LGA Lib Dems: Press Release on Fake Alcohol Products

A template press release on the dangers of fake alcohol products.

ALDC members can download an MS Word version of this release here.

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Drinkers tempted to buy cheap fake booze during New Year celebrations risk blindness and even death, while sellers of illegal alcohol face being stripped of their licence, Trading Standards chiefs are warning.

The Local Government Association (LGA) is alerting revellers to the dangers of counterfeit alcohol following a series of raids on rogue premises and successful prosecutions – including nightclubs – in the run-up to the festive season.

Councils are issuing safety advice to help people avoid harm from dodgy alcohol containing lethal chemicals such as chloroform, which can induce comas, and high levels of methanol – a key ingredient in anti-freeze.

Drinking the bogus booze can lead to vomiting, permanent blindness, kidney or liver problems and, in extreme cases, death.

The warning comes ahead of New Year’s Eve – the biggest drinking night of the year – as partygoers stock up on alcohol at home and attend big celebrations in towns and city centres.

The LGA, which represents more than 370 councils in England and Wales, is urging shoppers to look out for telltale signs that bottles are fake. These include unfamiliar brand names, crooked labels, spelling mistakes, and very low prices which are “too good to be true”.

People being served vodka in pubs and clubs should also check the smell – fake vodka will often smell of nail varnish.

Huge quantities of illegal booze have been seized and culprits taken to court following recent raids by Trading Standards.

They include:

  • A nightclub owner in Middlesbrough prosecuted for selling fake vodka.
  • 130,000 litres of counterfeit vodka – worth around £1.7m in unpaid duty – seized from a factory in Cheshire.
  • Bottles of fake vodka containing chloroform impounded at a shop in Essex.
  • A man given a suspended jail sentence after selling bottles of fake vodka, which contained a chemical found in screenwash and anti-freeze, to a licensee in Somerset.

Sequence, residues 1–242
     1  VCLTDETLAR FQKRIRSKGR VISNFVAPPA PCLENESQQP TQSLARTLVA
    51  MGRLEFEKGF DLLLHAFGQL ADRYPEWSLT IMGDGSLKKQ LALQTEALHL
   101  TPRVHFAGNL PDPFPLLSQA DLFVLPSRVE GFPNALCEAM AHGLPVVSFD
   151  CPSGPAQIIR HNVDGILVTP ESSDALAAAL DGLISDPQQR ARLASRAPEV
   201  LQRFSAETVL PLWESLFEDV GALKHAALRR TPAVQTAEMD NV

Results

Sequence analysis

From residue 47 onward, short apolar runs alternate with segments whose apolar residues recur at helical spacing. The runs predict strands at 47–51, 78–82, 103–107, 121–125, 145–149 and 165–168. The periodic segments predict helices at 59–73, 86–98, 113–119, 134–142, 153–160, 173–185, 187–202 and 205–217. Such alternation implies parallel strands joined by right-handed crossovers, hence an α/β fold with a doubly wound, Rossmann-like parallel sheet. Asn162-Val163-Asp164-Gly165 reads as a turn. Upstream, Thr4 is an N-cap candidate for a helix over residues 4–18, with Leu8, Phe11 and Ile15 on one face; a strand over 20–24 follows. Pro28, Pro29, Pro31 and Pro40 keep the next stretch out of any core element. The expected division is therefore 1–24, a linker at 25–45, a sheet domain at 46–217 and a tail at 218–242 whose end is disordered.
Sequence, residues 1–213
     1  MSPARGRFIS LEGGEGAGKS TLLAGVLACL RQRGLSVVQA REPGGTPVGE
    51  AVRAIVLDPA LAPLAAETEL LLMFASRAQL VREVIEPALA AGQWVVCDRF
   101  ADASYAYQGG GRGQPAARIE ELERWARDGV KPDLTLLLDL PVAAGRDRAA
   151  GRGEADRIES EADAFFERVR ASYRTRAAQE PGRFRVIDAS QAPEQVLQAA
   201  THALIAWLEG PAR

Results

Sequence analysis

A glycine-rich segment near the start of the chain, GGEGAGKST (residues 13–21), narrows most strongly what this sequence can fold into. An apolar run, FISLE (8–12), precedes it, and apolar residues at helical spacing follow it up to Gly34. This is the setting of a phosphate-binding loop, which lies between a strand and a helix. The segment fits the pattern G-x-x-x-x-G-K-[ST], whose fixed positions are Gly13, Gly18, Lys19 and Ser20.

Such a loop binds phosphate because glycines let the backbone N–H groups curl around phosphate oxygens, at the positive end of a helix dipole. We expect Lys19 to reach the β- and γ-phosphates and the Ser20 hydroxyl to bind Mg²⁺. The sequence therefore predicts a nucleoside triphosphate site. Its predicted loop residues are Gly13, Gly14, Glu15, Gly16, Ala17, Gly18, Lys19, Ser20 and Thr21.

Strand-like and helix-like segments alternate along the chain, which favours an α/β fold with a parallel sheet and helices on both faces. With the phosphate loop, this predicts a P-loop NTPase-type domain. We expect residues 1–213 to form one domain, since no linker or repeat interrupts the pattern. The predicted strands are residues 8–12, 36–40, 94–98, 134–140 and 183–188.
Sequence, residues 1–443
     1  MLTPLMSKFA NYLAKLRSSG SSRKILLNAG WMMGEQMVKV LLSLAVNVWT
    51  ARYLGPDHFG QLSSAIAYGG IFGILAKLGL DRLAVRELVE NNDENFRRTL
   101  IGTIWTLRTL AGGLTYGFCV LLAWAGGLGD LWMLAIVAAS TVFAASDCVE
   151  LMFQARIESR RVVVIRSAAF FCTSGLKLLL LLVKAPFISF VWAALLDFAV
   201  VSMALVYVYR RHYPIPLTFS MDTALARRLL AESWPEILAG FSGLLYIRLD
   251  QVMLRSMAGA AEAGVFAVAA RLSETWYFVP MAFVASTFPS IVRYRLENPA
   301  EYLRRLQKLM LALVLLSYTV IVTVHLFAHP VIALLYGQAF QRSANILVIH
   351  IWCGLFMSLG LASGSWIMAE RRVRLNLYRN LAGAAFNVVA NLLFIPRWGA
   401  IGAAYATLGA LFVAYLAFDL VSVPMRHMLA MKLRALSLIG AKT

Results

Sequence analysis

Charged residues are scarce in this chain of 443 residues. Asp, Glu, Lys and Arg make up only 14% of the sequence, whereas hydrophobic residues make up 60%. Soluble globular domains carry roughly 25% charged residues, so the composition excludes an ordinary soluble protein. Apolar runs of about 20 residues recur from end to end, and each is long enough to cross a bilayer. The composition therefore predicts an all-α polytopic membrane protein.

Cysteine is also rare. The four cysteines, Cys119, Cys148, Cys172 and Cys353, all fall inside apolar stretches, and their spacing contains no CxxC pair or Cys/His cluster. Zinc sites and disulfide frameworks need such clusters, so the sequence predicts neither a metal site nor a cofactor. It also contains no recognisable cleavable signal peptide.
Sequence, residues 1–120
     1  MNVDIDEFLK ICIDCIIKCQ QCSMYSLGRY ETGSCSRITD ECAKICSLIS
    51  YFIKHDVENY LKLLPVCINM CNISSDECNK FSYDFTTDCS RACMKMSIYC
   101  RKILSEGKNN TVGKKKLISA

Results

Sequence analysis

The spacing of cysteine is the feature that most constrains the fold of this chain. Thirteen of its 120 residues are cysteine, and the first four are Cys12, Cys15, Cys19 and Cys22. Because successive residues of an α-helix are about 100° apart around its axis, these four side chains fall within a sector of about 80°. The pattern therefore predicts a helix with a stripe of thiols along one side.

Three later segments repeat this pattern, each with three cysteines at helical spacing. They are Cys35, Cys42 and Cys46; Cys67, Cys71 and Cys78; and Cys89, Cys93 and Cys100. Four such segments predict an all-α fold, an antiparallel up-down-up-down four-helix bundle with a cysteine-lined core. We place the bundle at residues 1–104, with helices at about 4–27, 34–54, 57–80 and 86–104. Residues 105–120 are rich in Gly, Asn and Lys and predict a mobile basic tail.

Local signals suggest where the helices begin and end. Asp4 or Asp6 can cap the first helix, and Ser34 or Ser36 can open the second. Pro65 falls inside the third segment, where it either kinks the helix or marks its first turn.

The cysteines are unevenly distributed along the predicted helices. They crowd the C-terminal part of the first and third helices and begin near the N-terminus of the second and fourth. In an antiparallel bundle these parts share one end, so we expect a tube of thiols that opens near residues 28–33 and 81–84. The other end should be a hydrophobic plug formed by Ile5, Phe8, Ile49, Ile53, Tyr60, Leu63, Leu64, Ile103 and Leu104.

Not only does fake booze pose a severe health risk, alcohol fraud is reported to cost the UK around £1 billion a year. Because they don’t pay tax, fraudsters can undercut legitimate companies.

Councils want to make sure that the dangers of illegal alcohol are at the forefront of both consumers’ and retailers’ minds as they stock up on drink ahead of New Year’s Eve.

They are warning irresponsible traders they face prosecution if they are found stocking fake alcohol – and could be stripped of their licence.
Lib Dem Councillor [NAME], said: “Everyone likes a bargain, especially at this time of year, but drinking cheap, fake alcohol could seriously harm your health, and even kill you, so people should avoid it all costs.

“Trading Standards teams at councils across the country have been cracking down on businesses selling illegal, fake alcohol and we will continue to target rogue outlets.

“Some shopkeepers clearly have questions to answer about how these items arrive on their shelves. They need to think twice about stocking these products as we will always seek to prosecute irresponsible traders.

“Not only does fake alcohol present a significant danger to health, illegal sales undermine local businesses and threaten genuine jobs.

“Anyone suspicious about a supplier or who thinks they may have bought an alcoholic drink which may not be legitimate, should contact their local council as a matter of urgency.”